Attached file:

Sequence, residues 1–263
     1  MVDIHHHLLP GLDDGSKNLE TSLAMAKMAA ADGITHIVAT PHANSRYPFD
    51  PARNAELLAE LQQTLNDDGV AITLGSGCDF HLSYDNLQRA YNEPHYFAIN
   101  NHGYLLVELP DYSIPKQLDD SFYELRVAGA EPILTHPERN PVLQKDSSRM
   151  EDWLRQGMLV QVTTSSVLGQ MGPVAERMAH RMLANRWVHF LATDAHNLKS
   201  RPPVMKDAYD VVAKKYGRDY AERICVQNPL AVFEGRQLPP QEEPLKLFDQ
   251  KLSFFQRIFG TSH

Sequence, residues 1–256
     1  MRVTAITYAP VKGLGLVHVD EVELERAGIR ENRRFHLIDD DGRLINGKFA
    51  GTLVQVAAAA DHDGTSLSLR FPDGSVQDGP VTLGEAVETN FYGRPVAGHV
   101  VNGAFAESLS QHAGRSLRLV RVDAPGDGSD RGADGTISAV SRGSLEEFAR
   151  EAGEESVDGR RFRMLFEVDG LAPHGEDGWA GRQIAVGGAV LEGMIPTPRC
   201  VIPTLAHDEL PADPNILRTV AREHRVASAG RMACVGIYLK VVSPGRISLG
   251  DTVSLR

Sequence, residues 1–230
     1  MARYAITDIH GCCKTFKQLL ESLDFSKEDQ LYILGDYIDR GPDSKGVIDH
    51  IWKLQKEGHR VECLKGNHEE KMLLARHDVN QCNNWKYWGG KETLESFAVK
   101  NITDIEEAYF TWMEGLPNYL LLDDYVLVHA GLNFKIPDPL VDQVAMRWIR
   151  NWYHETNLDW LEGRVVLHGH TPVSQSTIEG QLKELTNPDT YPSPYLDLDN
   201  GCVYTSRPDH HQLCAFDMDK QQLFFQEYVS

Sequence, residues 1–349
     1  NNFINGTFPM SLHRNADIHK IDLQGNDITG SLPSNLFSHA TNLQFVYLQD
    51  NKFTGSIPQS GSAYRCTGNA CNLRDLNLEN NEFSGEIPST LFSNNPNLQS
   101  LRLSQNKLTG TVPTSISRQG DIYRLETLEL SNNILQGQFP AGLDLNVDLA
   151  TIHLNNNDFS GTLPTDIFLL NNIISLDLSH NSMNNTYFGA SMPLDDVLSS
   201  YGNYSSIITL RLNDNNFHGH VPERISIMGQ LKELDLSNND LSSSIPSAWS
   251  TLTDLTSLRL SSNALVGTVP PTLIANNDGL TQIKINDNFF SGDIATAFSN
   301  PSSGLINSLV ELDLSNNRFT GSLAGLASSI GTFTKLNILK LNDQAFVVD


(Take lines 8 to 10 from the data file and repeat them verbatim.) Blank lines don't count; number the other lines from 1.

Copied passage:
Sequence, residues 1–256
     1  MRVTAITYAP VKGLGLVHVD EVELERAGIR ENRRFHLIDD DGRLINGKFA
    51  GTLVQVAAAA DHDGTSLSLR FPDGSVQDGP VTLGEAVETN FYGRPVAGHV